Hi guys,
Im trying to do battleships game. But I dont know, what is the best way to create interactive battlefield? I created JFrame and put inside two JPanels (my and opponents field).I wanted to put inside JButtons (JFrame had GridLayout), but I was told this isnt right solution. It should be done with MouseListener. So I created JPanel and added mouselistener. Now, when I click somewhere in the field, program writes coordinates of field. But how to do interaction? I mean if you click somewhere, how should program find out what "box" did user hit and how to change/add icon on that position?

Thanx for answers

5 Years
Discussion Span
Last Post by JamesCherrill

Who told you not to use JButtons? If it was your teacher then you have no choice, but if it was someone else then I would disagree. A grid of buttons (or JLabels) would be a perfectly sensible implementation.
So, if you're stuck with one panel...
you have the mouse position, you have the width/height of the panel, you know how many rows/cols of boxes there are, so you know the width/height of each box, so the rest is just arithmetic. Try doing a sample case by hand to see exactly what the calculation is.
To draw icons (and grid lines etc) in your panel you need to create and use your own subclass of JPanel, and override its paintComponent method to draw lines and paint icons in the right position. You'll find loads of paintComponent tutorials and examples on the web.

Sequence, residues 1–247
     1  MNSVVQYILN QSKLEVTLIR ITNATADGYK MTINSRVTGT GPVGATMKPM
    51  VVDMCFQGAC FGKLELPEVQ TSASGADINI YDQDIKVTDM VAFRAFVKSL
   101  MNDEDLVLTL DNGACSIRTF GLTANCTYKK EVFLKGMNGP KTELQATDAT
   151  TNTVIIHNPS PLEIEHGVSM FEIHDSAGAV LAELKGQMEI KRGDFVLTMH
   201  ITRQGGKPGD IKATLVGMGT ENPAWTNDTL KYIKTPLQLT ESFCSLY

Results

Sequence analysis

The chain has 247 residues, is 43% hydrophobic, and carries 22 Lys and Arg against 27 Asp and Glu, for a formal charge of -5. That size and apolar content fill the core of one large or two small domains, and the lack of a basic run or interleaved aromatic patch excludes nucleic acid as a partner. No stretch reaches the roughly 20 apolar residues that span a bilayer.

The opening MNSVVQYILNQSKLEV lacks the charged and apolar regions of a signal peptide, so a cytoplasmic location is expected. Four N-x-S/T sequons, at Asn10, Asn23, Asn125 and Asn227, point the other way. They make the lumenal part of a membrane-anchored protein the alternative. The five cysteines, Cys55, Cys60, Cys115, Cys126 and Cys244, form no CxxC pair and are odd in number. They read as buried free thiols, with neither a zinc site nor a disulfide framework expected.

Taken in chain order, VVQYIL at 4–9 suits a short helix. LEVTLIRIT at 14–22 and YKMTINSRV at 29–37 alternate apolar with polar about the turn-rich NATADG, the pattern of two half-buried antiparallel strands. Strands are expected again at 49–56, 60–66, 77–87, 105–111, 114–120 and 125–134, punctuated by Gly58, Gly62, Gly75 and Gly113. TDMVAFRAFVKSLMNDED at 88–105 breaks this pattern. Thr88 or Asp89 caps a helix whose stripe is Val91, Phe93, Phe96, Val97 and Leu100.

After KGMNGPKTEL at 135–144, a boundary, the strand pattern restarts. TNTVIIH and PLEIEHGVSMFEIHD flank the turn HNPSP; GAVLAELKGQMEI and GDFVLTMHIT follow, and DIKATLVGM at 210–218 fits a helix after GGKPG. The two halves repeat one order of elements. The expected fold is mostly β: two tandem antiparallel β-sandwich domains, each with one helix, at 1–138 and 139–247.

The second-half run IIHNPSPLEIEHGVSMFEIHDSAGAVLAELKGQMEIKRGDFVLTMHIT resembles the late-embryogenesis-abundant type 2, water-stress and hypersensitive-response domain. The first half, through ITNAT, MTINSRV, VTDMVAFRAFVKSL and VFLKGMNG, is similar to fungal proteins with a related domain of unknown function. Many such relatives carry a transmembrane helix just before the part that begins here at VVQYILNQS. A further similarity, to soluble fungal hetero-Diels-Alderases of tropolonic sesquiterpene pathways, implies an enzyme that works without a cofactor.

JamesCherrill is pretty much spot-on on the matter. On the architectural side it is customary to break the application structure in logical components. One of typical models is called MVC (Model-View-Controller, see. http://www.enode.com/x/markup/tutorial/mvc.html for example).

In MVC design pattern you split the application into three logical parts: the Model is the application engine that contains all the generic functionality and data (in this case the board data for both players and methods to access and manipulate those boards). The View(s) displays the model (or part of it) to the user in some manner (in this case it would be the battleship board grid plus some possible controls like menus etc.) and the Controller handles the user input and changes them into a method calls to the Model. In Java application the Controller is usually a fixed part of the View.

So, in this case - for example - you would record the mouse click (View), calculate the board coordinates from it and call appropriate Model method (Controller). In Model, you check the opponents board cell if it has been fired into already and if the cell contains a ship and notify the Views (and Controllers if needed) about the Model change (invalid cell, missed / hit).

Check also the Observer pattern (http://www.research.ibm.com/designpatterns/example.htm) as it is the foundation of MVC model.


Yup, probably way too soon for a beginner.

However, I myself had a hard time to understand how to create applications until I ran into design patterns and architectural design altogether. After that it all clicked into place and I started to see the applications as a whole. I think part of the original poster's problem may be that he cannot form a picture of how the application could be put together.

I also wanted to bring the design patters to attention because at some (later) point they will become very important tools. Especially MVC when coding with Swing as all Swing components are build using the MVC model.

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